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War crime investigators will not see evidence from Ben Roberts-Smith’s defamation trial that could lead to the contamination of their probe, a judge has been told.
On Wednesday, the Federal Court let the Office of the Special Investigator (OSI) view a wide range of transcripts and evidence from the lengthy and hotly contested defamation proceedings.

However, the OSI, which is examining potential war crimes in Afghanistan, will not be allowed to see certain material from the case, including from when Roberts-Smith and others were compelled to give evidence.

Ben Roberts-Smith outside Federal Court in Sydney
Ben Roberts-Smith’s bid to limit defamation evidence viewed by war crime investigators will prevent the contamination of their probe, a court has heard. (Nick Moir)

Representing the war veteran, barrister Arthur Moses SC said the sensitive material would have been unlawfully obtained by the OSI and could have potentially “contaminated” any criminal probe.

“Had they had access to what they wanted to access, there could have been the corruption of yet another investigation,” he told Justice Robert Bromwich.

After the decision, the Commonwealth sought all sensitive court documents used in the trial but later reversed course and limited its request after being grilled by Bromwich at a hearing earlier this month.

At that time, the court heard the OSI and Australian Federal Police were jointly investigating 33 alleged offences by defence force members in Afghanistan between 2005 and 2016.

The OSI was established after an inquiry by the Inspector-General of the Australian Defence Force into soldiers’ conduct in Afghanistan.

Redactions will now be made of closed-court transcripts, outlines of evidence, material on a secure laptop and certificates issued by the court protecting individuals who gave evidence against self-incrimination.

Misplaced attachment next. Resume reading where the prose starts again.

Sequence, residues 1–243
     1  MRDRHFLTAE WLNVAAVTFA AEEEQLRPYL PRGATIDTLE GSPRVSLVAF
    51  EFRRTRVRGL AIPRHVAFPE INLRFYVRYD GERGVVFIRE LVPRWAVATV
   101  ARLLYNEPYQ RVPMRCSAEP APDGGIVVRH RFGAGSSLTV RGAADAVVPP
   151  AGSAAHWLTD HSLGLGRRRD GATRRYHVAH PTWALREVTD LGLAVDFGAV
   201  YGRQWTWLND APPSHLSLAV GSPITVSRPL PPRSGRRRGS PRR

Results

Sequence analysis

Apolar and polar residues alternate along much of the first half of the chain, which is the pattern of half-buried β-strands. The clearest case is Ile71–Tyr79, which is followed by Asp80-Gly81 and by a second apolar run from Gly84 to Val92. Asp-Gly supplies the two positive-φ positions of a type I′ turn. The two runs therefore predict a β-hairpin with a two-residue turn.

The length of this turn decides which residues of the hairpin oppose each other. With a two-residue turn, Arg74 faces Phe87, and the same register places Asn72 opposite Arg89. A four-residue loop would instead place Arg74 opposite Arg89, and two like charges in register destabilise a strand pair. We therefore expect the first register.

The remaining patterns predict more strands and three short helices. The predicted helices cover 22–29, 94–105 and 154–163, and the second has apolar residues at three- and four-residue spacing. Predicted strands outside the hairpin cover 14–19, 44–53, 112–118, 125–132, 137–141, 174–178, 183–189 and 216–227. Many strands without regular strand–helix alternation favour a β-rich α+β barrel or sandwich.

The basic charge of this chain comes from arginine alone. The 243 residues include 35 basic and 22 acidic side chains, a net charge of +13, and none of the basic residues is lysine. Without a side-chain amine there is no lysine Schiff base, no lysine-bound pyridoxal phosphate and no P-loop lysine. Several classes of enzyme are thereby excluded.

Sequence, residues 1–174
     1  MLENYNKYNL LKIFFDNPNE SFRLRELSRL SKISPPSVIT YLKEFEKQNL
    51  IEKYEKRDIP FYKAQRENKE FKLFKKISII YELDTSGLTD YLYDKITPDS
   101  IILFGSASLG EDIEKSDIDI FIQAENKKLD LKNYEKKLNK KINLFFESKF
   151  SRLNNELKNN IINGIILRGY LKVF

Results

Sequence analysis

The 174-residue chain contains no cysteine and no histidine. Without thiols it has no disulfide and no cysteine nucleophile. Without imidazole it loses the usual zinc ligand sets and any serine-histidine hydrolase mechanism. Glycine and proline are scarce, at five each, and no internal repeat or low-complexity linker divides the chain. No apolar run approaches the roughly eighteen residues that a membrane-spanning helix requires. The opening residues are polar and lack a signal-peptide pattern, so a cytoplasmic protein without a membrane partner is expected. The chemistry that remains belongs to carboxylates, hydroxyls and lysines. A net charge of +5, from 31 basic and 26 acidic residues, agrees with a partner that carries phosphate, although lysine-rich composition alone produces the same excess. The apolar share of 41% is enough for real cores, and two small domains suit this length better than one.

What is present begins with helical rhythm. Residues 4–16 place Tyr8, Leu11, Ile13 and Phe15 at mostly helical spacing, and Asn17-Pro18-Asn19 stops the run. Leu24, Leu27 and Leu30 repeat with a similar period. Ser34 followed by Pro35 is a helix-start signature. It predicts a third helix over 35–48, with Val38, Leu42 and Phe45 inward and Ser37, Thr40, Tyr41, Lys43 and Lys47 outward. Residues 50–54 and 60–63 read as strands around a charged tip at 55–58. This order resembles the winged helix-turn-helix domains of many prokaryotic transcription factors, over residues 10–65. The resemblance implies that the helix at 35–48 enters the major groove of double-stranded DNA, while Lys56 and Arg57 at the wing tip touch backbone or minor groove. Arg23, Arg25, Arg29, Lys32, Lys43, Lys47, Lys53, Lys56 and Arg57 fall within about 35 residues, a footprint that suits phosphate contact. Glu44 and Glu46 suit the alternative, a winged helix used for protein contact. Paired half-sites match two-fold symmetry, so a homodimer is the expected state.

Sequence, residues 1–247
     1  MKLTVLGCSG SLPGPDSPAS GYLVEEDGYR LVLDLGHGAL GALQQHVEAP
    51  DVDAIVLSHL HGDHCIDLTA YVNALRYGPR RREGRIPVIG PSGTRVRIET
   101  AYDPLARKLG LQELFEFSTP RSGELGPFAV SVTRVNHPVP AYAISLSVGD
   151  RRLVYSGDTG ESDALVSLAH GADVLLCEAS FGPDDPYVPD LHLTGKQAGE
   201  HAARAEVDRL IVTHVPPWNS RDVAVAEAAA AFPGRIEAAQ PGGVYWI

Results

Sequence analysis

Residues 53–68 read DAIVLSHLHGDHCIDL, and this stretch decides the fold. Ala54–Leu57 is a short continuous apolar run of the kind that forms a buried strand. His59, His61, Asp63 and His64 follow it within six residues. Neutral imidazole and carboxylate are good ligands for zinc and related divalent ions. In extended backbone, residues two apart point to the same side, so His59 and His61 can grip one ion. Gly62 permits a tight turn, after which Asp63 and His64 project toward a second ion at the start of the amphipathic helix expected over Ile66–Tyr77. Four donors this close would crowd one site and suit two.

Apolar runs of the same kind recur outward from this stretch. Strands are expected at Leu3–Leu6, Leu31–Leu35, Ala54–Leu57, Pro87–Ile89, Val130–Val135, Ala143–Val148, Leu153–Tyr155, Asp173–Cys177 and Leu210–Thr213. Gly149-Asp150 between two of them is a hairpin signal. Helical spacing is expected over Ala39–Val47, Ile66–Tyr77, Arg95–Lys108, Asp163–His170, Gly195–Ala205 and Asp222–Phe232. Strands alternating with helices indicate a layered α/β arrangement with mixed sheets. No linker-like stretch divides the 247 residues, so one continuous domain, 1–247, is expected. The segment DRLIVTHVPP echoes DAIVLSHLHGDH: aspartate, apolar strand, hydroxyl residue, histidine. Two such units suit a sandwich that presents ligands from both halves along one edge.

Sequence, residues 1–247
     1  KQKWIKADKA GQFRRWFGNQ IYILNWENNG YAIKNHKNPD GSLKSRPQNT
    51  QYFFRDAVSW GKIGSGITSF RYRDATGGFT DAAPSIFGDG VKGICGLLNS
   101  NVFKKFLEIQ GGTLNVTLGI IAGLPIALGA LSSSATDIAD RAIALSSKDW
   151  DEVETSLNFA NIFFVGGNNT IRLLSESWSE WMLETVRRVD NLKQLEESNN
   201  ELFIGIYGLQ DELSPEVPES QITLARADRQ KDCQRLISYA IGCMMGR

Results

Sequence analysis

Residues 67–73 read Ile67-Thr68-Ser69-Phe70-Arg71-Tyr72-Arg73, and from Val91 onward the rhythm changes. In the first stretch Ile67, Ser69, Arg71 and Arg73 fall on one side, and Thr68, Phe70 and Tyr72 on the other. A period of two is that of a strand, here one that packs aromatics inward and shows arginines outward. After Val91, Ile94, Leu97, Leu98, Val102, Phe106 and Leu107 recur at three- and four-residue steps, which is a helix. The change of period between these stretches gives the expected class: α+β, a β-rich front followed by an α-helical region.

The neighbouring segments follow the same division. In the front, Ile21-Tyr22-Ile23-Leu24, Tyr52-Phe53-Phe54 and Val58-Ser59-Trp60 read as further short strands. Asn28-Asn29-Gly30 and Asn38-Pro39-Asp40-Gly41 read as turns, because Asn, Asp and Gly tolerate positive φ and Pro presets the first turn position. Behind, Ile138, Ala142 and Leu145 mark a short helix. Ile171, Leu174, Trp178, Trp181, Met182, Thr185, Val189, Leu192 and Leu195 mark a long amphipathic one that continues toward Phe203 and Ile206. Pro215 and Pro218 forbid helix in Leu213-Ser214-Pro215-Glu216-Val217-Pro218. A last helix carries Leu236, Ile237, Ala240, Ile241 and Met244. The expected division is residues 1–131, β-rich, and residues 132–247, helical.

These redactions will be made by lawyers at the Australian Government Solicitor and then reviewed by a separate team of special counsel before being passed onto the OSI.

The Commonwealth has been ordered to pay Roberts-Smith’s legal costs regarding access to the material after the ex-soldier raised concerns about the potentially contaminating documents in June.

Moses argued the federal government had “capitulated” to his client’s concerns, ultimately limiting the material it could gain access to.

After Besanko dismissed the defamation case in June, the newspapers sought court orders that Roberts-Smith and his financial backers at Seven and billionaire Kerry Stokes’ private company Australian Capital Equity pay their legal costs.

In that dispute, Seven, ACE and Roberts-Smith have appealed a decision ordering them to produce tens of thousands of documents to the publications, which hope to prove that the ex-soldier’s supporters were heavily involved in the defamation trial.

If you are a current or former ADF member, or a relative, and need counselling or support, you can contact the Defence All-Hours Support Line on 1800 628 036 or Open Arms on 1800 011 046.

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